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Detecting a defensive midfielder’s influence takes a discerning eye.

Rewind a goal back to its genesis — the defensive midfielder is likely the guy whose tackle sparked the break, whose hockey assist broke open the defense a few passes before the decisive one.

Gonzalo Pineda doesn’t have the top-level speed of DeAndre Yedlin or the visceral tenacity of midfield partner Osvaldo Alonso.

“(Pineda) makes players around him better,” Sounders sporting director Chris Henderson wrote in an email. “He is like a top chess player who sees many moves ahead.”

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Pineda’s influence is buried in the possession statistics and hidden in the spaces freed up for the attackers.

“I think the most important thing in soccer is to control the middle,” said Alonso.

When Henderson helped bring Pineda into the fold this past offseason, there were doubts about how much the 31-year-old had left in the tank. Pineda, the former Mexican national-team member, had played for three clubs in three seasons, two on loan, before signing with Seattle in March.

Pineda admits he’s still working on his conditioning, even though he averages more ground covered per match than any other Sounder. His pairing with Alonso, though promising, remains a work in progress.

“You never can say I’m there,” Pineda said. “I always try to look one step up. My ceiling is too high to be there. I always try to get better. Right now, I’m OK.”

When Seattle’s midfield was overrun in the first half of a 3-0 defeat against the Los Angeles Galaxy that could have been even worse, Pineda took the blame.

“My job is to take control of the midfield,” he said at training the next day. “ … Yesterday, I didn’t do that.”

In Seattle’s lone league victory in August, a 2-0 home triumph over Houston, the Sounders held on to a 1-0 lead until Pineda doubled it with a penalty kick.

Back in May, with the Sounders trailing Vancouver by a goal in the 80th minute, Pineda stepped up to the spot and converted with a confident chip over the goalkeeper. He did the same a few months later against Tottenham.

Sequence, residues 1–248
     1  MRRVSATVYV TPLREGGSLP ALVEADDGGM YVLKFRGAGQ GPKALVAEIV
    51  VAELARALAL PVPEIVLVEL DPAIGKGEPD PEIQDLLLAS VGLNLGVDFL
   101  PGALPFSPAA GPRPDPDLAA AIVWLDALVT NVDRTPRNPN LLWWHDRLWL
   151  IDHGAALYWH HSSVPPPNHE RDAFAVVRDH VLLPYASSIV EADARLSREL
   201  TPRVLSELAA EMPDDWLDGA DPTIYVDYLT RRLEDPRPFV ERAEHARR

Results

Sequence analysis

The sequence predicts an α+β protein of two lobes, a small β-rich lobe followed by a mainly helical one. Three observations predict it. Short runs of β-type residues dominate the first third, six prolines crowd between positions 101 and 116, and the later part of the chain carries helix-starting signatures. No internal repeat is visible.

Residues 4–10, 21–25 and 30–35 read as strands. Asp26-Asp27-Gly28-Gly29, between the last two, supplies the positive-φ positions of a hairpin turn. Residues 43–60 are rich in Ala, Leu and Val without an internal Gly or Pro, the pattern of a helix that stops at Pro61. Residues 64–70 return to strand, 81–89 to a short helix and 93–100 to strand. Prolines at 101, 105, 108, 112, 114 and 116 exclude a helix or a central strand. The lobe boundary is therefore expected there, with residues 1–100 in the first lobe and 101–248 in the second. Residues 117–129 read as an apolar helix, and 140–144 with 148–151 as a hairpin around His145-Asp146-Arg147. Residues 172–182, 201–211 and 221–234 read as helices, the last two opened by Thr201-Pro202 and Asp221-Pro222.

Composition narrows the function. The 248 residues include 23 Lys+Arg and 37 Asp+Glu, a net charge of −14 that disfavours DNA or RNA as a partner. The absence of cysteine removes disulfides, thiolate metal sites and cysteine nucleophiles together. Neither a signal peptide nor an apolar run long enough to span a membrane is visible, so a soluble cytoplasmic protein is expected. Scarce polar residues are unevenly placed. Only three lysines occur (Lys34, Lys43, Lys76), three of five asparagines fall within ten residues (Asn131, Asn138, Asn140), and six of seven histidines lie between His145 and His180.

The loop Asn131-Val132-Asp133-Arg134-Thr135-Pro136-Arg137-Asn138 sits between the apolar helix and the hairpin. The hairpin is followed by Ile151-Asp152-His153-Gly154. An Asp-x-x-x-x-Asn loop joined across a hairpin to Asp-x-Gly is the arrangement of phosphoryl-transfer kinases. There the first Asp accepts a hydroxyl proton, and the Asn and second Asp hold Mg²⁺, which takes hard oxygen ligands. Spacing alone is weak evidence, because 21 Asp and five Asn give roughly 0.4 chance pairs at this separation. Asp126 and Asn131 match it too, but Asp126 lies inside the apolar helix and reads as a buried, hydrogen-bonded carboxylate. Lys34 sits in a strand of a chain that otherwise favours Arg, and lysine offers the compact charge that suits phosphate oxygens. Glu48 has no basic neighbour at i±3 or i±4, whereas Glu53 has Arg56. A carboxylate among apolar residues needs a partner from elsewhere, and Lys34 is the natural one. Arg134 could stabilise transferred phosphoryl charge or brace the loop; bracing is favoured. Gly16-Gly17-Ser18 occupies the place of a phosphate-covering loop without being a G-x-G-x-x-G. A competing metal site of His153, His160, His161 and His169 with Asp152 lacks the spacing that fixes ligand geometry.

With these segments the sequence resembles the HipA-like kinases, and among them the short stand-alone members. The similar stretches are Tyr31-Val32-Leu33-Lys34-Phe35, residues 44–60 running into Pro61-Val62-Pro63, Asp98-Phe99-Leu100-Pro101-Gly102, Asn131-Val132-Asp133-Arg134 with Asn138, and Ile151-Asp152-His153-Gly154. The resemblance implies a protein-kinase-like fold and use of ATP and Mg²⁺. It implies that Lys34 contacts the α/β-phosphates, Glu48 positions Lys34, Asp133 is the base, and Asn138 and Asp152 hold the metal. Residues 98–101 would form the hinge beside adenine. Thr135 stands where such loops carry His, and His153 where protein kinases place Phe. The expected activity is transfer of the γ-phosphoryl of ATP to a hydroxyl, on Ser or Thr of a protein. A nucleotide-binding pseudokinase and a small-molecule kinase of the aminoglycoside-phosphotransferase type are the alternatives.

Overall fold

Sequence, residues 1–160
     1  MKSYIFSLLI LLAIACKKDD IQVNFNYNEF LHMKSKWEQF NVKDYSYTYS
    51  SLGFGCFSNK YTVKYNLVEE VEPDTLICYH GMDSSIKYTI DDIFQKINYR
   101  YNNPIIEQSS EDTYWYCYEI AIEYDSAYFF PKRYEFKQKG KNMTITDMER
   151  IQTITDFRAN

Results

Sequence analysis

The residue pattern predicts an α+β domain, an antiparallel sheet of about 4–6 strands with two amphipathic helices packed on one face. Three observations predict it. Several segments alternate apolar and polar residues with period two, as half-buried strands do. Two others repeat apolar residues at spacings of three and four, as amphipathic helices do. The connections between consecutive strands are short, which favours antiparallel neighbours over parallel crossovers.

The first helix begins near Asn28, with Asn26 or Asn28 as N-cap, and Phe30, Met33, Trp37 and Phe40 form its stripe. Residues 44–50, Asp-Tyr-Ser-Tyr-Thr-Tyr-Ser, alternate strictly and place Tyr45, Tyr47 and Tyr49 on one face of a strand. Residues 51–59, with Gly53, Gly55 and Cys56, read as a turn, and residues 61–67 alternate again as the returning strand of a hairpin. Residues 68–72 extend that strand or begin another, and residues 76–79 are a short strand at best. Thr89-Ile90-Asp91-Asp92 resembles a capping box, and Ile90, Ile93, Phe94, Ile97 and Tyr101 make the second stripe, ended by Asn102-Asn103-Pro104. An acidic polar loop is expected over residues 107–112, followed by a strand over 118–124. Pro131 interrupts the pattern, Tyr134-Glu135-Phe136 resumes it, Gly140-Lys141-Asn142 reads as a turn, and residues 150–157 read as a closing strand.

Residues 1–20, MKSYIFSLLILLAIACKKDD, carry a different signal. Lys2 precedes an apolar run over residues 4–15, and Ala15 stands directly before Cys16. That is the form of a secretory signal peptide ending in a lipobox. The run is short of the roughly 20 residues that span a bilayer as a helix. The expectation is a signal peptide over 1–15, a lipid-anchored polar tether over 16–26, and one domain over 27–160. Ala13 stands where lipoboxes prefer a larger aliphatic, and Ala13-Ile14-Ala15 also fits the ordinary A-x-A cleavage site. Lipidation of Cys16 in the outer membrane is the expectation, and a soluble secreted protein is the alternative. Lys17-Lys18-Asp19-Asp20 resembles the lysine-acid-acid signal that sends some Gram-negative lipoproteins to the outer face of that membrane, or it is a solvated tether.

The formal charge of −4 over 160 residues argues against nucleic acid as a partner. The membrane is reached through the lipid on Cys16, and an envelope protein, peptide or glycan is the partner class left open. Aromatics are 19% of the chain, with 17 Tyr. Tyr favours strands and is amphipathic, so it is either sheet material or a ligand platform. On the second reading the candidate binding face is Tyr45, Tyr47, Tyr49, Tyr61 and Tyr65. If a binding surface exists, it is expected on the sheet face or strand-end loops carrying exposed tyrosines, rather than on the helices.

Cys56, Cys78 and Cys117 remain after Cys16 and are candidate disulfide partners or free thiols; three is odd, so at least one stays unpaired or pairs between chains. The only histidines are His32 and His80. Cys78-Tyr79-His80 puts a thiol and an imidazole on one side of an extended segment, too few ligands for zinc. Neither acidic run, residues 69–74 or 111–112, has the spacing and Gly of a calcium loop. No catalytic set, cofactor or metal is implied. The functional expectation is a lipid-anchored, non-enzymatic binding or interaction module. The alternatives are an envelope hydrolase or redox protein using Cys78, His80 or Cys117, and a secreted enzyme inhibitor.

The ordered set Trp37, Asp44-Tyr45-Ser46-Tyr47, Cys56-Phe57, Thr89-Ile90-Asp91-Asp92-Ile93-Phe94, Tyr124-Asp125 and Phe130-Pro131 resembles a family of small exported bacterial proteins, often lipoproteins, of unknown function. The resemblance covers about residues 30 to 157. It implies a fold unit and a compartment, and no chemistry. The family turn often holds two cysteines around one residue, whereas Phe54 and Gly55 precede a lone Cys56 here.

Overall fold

Assistant coach Brian Schmetzer has been impressed with Pineda’s performance in those situations.

“He’s not afraid to put that pressure on himself,” Schmetzer said.

Last Saturday in Salt Lake City, that meant standing toe-to-toe with the talented Real midfield and United States men’s national team member Kyle Beckerman.

Real Salt Lake won the battle early on. RSL pushed forward, pressing every Seattle player who received a pass. Sun in their eyes, defenders in their faces, the Sounders couldn’t keep the ball. An RSL goal felt inevitable until Pineda lifted up his head in the 10th minute.

He hit a long cross for Yedlin on the opposite sideline and reversed the field.

It didn’t lead to a goal, or even a clear-cut chance, but the Sounders caught their breath and the early Salt Lake onslaught slowed.

Pineda found the release valve. He will need to do the same thing Wednesday night at CenturyLink Field.

If the Sounders are going to reverse their current run of four defeats in six league matches, then beginning Wednesday night against San Jose is a good place to start.

The Sounders’ weekend trip to archrival Portland will complete a run of five matches in two weeks. Real Salt Lake is atop the Western Conference for the first time all season and Seattle is in second for the first time since April, with each successive defeat recalling Seattle’s limping finish last season.

The pressure is rising.

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